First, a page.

The latest entrée offering itself up to the financial chattering classes for tasting and appraising is Basel III, the new incarnation of the capital adequacy guidelines financial institutions are supposed to follow to protect against losses in their risk assets portfolios. The heart of Basel III consists of stricter reserve requirements – essentially more capital that banks have to reserve against the possibility of loss. There is a grace period – a long grace period extending to 2019 – for banks to come into full compliance with the new requirements. Bank stocks reacted very well to the Basel III announcement earlier this week, causing one to wonder whether this is just another regulatory lamb ambulating among the wolves. The community of wise observers holds divergent views: Reuters columnist Felix Salmon has a rather rosy take on the new regime, while the FT’s Martin Wolf likens it to a “mouse that did not roar”.
The three-sticks appellation, of course, means that there was a Basel I and a Basel II. So anyone with a more or less intact memory extending back to, say, 2008 may want to know: what exactly were those prequels were doing to save humanity when the entire global financial system was teetering on the event horizon of eternal oblivion? Good question. Let’s do a quick crash course in the evolution of the Basel capital accords and then take stock of what Basel III may or may not do to make the financial ecosystem a bit more pleasant and stable for its bedraggled denizens.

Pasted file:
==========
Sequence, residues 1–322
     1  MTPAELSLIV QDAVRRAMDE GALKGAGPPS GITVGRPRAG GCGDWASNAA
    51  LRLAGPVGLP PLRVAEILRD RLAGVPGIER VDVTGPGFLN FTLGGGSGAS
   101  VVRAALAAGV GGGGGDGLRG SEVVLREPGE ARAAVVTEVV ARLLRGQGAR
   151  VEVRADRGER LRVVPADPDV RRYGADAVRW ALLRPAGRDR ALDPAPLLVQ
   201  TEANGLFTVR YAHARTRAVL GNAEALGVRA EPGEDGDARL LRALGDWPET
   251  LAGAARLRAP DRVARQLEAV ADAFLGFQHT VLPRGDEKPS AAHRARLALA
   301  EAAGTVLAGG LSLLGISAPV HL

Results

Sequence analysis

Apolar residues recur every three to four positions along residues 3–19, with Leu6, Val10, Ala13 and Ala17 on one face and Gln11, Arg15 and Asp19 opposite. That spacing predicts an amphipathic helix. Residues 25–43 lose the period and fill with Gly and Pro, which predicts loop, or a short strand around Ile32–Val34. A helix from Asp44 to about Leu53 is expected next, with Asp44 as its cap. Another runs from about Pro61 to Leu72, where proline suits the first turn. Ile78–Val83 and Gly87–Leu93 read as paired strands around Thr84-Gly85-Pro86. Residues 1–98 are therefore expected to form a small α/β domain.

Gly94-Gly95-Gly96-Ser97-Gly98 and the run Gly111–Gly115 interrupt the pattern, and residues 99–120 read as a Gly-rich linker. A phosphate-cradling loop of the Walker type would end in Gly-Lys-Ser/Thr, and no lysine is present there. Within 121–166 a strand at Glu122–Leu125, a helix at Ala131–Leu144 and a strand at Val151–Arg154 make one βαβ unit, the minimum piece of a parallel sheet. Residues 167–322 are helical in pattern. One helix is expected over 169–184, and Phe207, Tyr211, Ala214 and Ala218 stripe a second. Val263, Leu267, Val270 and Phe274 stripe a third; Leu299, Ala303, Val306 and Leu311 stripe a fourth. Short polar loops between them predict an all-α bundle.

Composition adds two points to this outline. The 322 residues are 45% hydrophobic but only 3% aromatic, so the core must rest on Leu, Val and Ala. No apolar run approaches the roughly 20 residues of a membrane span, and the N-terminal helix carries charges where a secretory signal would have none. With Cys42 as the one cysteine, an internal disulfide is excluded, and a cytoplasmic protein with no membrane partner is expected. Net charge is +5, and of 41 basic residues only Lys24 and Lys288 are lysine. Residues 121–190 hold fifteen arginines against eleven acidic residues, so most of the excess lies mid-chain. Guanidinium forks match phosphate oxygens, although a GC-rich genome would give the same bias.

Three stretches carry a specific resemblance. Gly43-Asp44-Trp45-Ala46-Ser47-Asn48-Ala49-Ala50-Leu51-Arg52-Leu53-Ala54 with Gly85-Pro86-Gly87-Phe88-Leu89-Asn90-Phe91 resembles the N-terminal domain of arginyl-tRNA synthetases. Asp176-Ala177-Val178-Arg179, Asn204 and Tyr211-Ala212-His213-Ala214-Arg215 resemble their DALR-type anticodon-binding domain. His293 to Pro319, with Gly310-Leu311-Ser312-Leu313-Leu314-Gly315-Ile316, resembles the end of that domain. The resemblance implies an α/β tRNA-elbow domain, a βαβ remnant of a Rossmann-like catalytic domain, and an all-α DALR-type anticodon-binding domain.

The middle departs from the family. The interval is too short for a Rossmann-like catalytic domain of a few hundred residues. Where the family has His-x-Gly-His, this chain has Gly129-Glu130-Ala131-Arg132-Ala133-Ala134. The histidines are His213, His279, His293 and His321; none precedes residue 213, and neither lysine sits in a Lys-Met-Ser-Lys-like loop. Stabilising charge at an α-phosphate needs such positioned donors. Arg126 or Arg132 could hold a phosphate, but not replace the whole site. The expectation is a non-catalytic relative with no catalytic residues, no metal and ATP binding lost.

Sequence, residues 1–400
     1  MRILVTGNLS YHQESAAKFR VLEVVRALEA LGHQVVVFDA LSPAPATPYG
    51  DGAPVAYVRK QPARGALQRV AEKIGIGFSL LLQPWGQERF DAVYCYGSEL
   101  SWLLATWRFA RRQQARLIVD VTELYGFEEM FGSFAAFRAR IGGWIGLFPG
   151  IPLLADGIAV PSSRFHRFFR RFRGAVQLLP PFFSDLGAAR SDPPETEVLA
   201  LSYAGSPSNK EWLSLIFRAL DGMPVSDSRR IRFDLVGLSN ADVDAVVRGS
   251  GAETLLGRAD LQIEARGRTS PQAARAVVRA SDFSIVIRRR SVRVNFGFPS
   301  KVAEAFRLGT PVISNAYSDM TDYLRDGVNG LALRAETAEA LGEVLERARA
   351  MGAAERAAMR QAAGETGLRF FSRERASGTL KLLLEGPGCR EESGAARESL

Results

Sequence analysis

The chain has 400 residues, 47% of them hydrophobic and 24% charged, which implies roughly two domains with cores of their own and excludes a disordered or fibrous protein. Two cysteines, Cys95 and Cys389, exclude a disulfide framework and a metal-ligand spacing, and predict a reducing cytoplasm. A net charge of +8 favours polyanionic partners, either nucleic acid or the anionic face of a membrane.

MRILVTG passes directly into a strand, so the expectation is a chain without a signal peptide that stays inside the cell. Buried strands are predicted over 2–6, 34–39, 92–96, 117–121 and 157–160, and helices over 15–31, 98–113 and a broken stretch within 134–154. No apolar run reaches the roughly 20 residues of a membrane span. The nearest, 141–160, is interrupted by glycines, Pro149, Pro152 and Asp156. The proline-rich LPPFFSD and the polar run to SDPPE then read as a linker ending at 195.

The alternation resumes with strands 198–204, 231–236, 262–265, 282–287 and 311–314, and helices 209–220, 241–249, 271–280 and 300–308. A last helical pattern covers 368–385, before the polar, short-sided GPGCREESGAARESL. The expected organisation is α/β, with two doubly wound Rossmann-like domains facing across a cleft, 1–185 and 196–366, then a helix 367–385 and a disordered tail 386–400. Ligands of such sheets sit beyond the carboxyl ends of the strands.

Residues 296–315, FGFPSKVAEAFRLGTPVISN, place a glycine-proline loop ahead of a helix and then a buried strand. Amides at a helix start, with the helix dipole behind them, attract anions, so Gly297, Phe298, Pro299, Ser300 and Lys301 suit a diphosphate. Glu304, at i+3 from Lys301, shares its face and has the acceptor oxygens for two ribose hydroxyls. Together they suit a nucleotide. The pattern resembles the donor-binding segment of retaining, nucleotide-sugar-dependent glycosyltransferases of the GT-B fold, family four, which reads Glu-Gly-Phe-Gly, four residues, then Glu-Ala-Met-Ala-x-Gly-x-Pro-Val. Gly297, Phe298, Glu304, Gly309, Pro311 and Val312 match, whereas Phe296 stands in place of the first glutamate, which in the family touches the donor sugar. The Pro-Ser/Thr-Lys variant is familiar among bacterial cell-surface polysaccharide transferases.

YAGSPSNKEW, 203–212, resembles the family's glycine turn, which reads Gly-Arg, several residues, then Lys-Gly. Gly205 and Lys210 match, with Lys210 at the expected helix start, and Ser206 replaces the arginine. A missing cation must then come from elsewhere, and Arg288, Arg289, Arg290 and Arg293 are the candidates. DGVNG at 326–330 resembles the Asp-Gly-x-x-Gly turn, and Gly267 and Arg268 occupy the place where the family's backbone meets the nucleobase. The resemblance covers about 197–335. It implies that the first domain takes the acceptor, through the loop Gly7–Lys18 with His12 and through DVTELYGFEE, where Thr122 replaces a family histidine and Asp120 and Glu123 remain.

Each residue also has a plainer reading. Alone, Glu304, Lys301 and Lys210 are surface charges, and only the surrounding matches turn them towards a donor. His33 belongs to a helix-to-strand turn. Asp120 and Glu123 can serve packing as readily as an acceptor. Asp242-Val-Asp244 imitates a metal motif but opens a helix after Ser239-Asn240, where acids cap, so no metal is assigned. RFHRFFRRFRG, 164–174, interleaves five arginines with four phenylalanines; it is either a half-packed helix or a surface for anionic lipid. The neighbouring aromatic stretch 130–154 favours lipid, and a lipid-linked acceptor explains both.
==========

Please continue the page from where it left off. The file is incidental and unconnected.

Basel is a lovely little Swiss town near a point where France, Germany and Switzerland converge, just a stone’s throw as the cuckoo flies from the Black Forest, Lake Lucerne and plenty of other lures that draw legions of central bankers from around the world into project gigs with the Bank for International Settlements (BIS). BIS is a supranational agency which functions as a bank for central banks. Career central bankers populate the so-called Basel Committees that analyze and provide recommendations and guidelines intended to make the world financial system function efficiently, safely and transparently (here would be the appropriate place for stand-up comedians to riff about bankers in Basel overindulging in the regional favorite Schwarzwälderkirschtorte while New York and London burned…).
The Basel Committee on Banking Supervision (BCBS) is the entity entrusted with the promulgation of capital adequacy guidelines. Basel I, the first set of capital accords, appeared in the late 1980s and caused a kerfuffle among financial institutions that now had to ensure they had sufficient levels of capital to meet these new international guidelines (Japan’s banks were particularly flummoxed as the new rules came into effect just as bursting of the country’s legendary asset bubble was dramatically eroding their fragile capital base). Under Basel I banks had to maintain capital levels of 8% against their risk-adjusted assets (such assets being assigned a risk weighting based on their deemed credit quality). This was divided into two tiers. Tier I was considered to be common equity and other things plausibly similar to common equity, i.e. the most reliable risk protection. Tier 2 consisted of somewhat dicier forms of capital like deeply subordinated debt. No less than 4% of that 8% capital requirement had to be Tier 1, and at least half of that 4% Tier 1 had to be “core Tier 1”, i.e. straightforward common equity.
It would be tempting at this point in the story to skip right over Basel II and compare how the Basel III changes just announced compare with that original Basel I formula – because Basel III represents a very meaningful change in the core capital requirements. But skipping over Basel II would leave out the part of the story explaining why the Basel accords did so little to prevent the financial system’s meltdown.